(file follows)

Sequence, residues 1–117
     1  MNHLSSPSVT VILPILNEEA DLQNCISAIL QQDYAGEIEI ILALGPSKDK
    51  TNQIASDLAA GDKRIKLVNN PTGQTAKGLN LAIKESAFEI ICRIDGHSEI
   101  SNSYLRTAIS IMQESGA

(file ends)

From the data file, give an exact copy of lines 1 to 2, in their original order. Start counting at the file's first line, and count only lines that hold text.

Sequence, residues 1–117
     1  MNHLSSPSVT VILPILNEEA DLQNCISAIL QQDYAGEIEI ILALGPSKDK